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Imbued with a traditional Scottish folktale and hints of Jewish mysticism, The Salt God's Daughter examines the tremulous bonds between sisters and the enduring power of maternal love —a magical tale that presents three generations of extraordinary women who fight to transcend a world that is often hostile to those who are different.
“ a lyrical, luxuriantly mystical meditation on being female. The Salt God's Daughter is astonishing and unusual because selkies--mythical shape-shifting creatures who are human beings on land and seals in the water--are part of the story. In the otherworldly universe Ruby creates, the existence of selkies do not detract from the authenticity of the characters. Quite the opposite: the myth sharpens the characters' humanity Ruby's novel comes as close as possible to achieving a deep understanding of the possibilities of being female.” —Leora Tanebaum, The Huffington Post
"Ruby’s second novel (after The Language of Trees) imbues the complex relationships between mothers and daughters with legends and feminist mysticism . . . Ruby’s writing is elegant and insightful...” —Publishers Weekly
"The book beautifully evokes scenes of two girls adrift in the late 70s and early 80s bohemian beach culture...the result is a breathtaking, fiercely feminine take on American magical realism. Ruby spins sweeping mythologies without straying far from the story of a young woman just trying to survive." —Interview Magazine
"Lushly woven with elements of folklore, Ruby’s novel is a captivating inquiry into the generational, wayward bonds of mothers and daughters."—Booklist
“This is a bewitching tale of lives entangled in lushly layered fables of the moon and sea.” —Kirkus Reviews
“The characters and the setting hunger for each other the ocean is everywhere, its saltiness fills the pages, lingers on the characters Lovely in its complexity, Ruby has written in many layers. Yes, her book is mystical and fanciful, but at the same time it is intensely raw, and often unsettling.” —Bookslut
“Certainly other readers have had this experience: you discover a book that is thrilling in its truth about the world, a book that captures your imagination so completely that you actually feel scared by the thought you might have never held this book in your hands; that you might have missed it completely. Ilie Ruby’s The Salt God’s Daughter is that kind of book.” —Stacy Bierlein, The Rumpus
“Three generations of indelibly original women wrestle with the confines of their lives against a shimmering backdrop of magic, folklore, and deep-buried secrets. About the bonds of sisters, mothers, and daughters, and the refusal to accept limits, this is a story as heartbreaking, gritty, magical, and real as a waking dream, with a sense of place so immediate, you can feel the ocean’s salt spray. To say I loved this book is an understatement.” —Caroline Leavitt, New York Times bestselling author of Pictures of You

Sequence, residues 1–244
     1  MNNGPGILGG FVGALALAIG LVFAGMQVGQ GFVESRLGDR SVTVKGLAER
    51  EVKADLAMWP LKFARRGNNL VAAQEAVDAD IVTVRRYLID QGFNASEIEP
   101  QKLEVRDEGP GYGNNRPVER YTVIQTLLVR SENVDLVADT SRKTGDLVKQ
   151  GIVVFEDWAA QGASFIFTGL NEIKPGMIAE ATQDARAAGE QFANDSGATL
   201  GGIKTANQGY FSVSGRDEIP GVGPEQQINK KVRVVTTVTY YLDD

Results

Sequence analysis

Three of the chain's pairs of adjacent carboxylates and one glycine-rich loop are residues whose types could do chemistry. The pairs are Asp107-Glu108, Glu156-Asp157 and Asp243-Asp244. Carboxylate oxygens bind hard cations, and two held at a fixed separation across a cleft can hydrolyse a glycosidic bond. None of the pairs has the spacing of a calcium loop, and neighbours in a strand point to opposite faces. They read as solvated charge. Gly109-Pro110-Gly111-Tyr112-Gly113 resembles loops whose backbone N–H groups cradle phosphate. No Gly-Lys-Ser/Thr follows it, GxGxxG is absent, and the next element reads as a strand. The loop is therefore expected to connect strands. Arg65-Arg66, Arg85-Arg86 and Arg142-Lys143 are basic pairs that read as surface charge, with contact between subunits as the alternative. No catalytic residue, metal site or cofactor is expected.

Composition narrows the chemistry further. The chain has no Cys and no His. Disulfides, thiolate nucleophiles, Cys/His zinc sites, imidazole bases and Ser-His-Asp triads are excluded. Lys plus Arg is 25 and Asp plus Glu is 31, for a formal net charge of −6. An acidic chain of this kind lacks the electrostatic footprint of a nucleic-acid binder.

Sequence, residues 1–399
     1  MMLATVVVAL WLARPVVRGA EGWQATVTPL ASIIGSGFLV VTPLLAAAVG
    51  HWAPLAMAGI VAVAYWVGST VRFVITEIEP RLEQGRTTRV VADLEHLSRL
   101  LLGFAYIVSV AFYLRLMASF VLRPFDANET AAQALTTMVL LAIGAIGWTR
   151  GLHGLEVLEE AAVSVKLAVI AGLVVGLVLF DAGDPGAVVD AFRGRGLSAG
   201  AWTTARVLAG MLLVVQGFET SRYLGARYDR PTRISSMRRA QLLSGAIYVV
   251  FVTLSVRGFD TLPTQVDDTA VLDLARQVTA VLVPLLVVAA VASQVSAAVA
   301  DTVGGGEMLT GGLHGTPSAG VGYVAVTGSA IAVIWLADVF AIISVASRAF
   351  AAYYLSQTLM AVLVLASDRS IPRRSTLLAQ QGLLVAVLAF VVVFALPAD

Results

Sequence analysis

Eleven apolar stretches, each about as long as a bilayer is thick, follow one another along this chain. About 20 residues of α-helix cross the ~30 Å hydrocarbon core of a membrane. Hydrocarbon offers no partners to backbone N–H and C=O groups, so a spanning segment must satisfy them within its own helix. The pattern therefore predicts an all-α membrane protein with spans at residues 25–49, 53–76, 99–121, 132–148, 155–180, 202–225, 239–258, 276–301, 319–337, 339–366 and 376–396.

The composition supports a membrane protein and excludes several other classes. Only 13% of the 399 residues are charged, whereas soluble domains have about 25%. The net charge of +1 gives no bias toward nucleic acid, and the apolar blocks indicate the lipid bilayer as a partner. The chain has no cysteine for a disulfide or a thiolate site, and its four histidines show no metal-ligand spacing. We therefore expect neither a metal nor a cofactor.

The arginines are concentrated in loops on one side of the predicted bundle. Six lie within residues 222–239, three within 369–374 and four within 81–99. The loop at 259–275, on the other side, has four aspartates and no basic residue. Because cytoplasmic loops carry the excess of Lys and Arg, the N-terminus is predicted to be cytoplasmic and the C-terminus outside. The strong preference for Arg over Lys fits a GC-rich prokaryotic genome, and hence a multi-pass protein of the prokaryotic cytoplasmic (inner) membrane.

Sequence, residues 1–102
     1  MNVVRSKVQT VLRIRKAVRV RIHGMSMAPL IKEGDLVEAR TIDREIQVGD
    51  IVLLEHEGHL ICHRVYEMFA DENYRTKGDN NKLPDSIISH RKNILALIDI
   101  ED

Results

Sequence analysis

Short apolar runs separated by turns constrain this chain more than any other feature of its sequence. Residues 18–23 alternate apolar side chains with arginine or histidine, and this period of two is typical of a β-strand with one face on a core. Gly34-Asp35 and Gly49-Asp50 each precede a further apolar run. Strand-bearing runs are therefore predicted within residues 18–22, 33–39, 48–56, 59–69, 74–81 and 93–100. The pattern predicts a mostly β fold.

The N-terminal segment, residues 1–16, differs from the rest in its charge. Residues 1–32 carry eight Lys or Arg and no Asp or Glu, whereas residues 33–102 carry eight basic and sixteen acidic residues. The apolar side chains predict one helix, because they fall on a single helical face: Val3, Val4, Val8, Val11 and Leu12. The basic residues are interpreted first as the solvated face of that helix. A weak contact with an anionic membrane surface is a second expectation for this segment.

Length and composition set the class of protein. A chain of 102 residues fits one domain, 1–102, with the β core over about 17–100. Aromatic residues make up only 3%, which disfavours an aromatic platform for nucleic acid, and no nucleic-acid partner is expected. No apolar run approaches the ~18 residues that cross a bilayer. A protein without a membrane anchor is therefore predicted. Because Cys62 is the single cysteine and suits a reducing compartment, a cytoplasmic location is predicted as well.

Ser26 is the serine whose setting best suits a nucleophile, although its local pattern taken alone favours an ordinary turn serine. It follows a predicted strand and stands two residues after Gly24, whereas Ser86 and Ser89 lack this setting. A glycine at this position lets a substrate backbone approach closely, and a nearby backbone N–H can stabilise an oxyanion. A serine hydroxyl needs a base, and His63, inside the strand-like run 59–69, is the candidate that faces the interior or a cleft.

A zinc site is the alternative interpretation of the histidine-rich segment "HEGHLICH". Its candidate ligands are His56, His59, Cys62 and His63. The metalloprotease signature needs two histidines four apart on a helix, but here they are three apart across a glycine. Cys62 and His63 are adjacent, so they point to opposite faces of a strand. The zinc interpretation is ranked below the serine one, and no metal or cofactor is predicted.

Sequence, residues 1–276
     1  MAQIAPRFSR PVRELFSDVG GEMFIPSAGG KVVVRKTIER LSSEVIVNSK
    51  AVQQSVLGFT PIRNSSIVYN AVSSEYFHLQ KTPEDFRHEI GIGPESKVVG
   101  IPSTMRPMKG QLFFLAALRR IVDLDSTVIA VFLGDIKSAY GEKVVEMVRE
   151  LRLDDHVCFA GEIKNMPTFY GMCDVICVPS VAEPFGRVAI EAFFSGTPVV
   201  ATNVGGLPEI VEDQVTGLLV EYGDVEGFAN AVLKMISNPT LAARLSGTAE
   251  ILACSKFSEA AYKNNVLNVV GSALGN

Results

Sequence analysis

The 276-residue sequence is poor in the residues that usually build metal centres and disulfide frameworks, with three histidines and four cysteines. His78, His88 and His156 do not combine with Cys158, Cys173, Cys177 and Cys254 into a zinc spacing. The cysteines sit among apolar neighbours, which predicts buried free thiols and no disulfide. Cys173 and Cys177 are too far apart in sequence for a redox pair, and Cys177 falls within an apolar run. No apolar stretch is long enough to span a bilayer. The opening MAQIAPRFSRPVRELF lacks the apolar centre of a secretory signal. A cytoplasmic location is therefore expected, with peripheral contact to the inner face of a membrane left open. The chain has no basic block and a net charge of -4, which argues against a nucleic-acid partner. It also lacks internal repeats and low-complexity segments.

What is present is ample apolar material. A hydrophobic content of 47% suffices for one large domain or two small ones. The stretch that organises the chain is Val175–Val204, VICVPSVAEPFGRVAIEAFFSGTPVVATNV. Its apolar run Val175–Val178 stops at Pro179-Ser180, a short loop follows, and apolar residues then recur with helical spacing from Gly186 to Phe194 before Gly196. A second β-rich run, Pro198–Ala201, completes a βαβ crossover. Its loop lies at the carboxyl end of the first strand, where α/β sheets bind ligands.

“Open The Salt God's Daughter and it is as if you are walking through a door, where things are at once utterly recognizable and utterly mysterious, like life, and like an ancient fairy tale, or a myth from a lost continent, another time and place. Ilie Ruby offers up a story that is both exquisitely fantastical at the same time that it maintains the feel of unblinking realism. This one's a story in which to lose one's self in the best possible way.” —Joyce Maynard
“Magical and gripping, The Salt God's Daughter captivated me from the very first sentence and has stayed with me long after I finished reading. A lyrical exploration of the timeless search for belonging and the complicated bonds between mothers, daughters and sisters, I devoured the novel in one sitting and then immediately ordered copies for my own mother and sister." —Jillian Cantor, author of The Transformation of Things
“Propulsive, mythic, and rhythmically mastered....a singular, knock-out work of fiction about love and the evolution of identity." —James Ragan
"What a rare pleasure this novel is, a kind of embarrassment of riches, Ilie Ruby has given us a work glowing with the emotive illuminations of two sisters, caught in exile, in homelessness, in a parentless subculture which they both survive by the pure transcendent powers of their personal fantasy-life and myth. The bond of sisterhood prevails. I cannot recommend this passionate look at family and society and outcast-ness enough. To be a part of their journey is to look at our own travels through deprivation, rejection, poverty and find their quiet ultimate triumph, to feel their fulfillment, as if it were our own. I look forward to what this talented writer offers us next!" —Leora Skolkin-Smith author of Hysteria